Lastly, experiments shouldn’t break things. Our operational systems should be available as building blocks for innovation in a way that still maintains service levels. Fortunately, there are ways to ensure this—through APIs, building platforms, and simulations.
I’ve written about the Experimental Enterprise before, but it’s worth a reminder now. Many trends coming out of IT in the last ten years combine to create data-driven companies. You may have heard of each building block in the graphic below individually as buzzwords, but what matters is how they work together.
In the bottom layer, we have infrastructure that is now readily available in ways it wasn’t before. Open source gives any developer access to a hardened, enterprise-ready database in a matter of minutes. Previously, developers in some companies had to wait three months to get a license—being able to spin up a database instantly is a game-changer.
On top of that sits the practice of DevOps, which is about programmable infrastructure. It’s one thing to be able to get a new database instantly, but what about a new database configured in the same way as your production database? Or what about a virtual machine that considers all your auditing and logging requirements? DevOps enables us to do those things; it also enables us to deploy new versions of our software or our models into production very quickly, so we can run tens of experiments per day.
The cloud lets us have this infrastructure at the push of a button. A lot of the things we do today in data science aren’t totally new—the difference is that, ten years ago, only rich corporations like Walmart could afford to do them, and now we all can. Rather than needing to buy 2,000 computers to crunch your data and find patterns, you can now enter a credit card into Amazon and use theirs. The availability of the cloud enables much more experimentation with much less overhead, and allows us to uncover hidden value in our data.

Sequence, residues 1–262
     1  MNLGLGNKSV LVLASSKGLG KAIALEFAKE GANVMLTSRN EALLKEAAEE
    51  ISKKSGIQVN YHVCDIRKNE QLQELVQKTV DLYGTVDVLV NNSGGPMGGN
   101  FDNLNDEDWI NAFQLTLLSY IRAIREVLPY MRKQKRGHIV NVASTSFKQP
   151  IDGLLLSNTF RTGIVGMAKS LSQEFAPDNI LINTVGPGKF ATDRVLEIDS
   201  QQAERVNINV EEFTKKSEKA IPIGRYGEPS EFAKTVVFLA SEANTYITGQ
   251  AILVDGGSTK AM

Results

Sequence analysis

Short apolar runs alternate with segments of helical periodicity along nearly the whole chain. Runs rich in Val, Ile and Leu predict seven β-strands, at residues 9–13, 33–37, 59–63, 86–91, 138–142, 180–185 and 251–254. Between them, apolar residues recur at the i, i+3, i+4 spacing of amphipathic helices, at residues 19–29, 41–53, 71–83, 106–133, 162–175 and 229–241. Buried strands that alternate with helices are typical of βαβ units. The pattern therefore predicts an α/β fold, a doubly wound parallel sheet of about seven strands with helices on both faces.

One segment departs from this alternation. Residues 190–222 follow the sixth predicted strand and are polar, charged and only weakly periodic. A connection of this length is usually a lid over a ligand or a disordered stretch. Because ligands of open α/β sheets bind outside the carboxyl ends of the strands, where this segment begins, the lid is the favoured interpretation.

The availability of platforms and APIs enables us to navigate that unknown space between the blue and orange circles, and to manage uncertainty by enabling us to use an agile development approach. This means that we can check in periodically, iterate on an idea, and drive towards where we want to go as a business even if that requires a pivot to get there. This is how we really manage risk as we investigate.
And finally, data science gives us insight that we can use to make better decisions. It is what allows us to develop and test hypotheses until we hit on the next big thing.
Any business that is data-driven has all these components, as well as an attitude geared towards using data to drive business value.
Experimentation is not a linear march of victory toward inevitable glory. Instead, it’s a tedious process where you incrementally learn, poke at, and try different things until you hit on something that actually works for your business.
In that vein, you need to be able to work in a way that regularly checks the business and reports back. For us, that means reporting back every two weeks, incorporating understanding from the business, checking in with what we’ve discovered, and having our experiments tied to things that create value.
A few other ways we work to manage uncertainty for our clients:
- We look for best practices in the Valley—whether it’s version control, Jupyter Notebooks, or using scale-out systems—and how we can adapt those for an enterprise setting.
- We use an agile approach so that we can move as quickly as possible, without accidentally driving right off the end of a cliff.
- We emphasize over and over the importance of being oriented towards business value, rather than towards technology for technology’s sake.
How do you manage uncertainty in your organization? Leave us a comment and let us know.